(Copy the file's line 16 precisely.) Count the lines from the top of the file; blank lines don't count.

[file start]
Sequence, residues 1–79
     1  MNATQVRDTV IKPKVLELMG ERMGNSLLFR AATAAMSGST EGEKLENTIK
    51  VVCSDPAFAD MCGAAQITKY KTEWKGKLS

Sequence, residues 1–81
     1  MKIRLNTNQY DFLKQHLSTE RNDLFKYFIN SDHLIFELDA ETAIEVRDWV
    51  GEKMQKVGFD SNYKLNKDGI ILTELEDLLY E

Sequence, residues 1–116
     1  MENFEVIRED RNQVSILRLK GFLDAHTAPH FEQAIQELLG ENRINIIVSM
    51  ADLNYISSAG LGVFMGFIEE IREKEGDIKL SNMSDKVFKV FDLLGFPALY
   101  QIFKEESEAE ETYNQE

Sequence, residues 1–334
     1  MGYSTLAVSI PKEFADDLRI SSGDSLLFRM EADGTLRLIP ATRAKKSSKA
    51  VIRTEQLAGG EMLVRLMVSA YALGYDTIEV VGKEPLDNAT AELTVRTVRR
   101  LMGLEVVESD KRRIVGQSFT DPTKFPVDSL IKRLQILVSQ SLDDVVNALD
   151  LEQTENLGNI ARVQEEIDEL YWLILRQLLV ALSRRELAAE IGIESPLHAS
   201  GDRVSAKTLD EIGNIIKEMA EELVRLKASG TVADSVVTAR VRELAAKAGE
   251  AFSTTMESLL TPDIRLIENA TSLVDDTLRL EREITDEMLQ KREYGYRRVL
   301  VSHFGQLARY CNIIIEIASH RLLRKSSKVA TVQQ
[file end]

   201  GDRVSAKTLD EIGNIIKEMA EELVRLKASG TVADSVVTAR VRELAAKAGE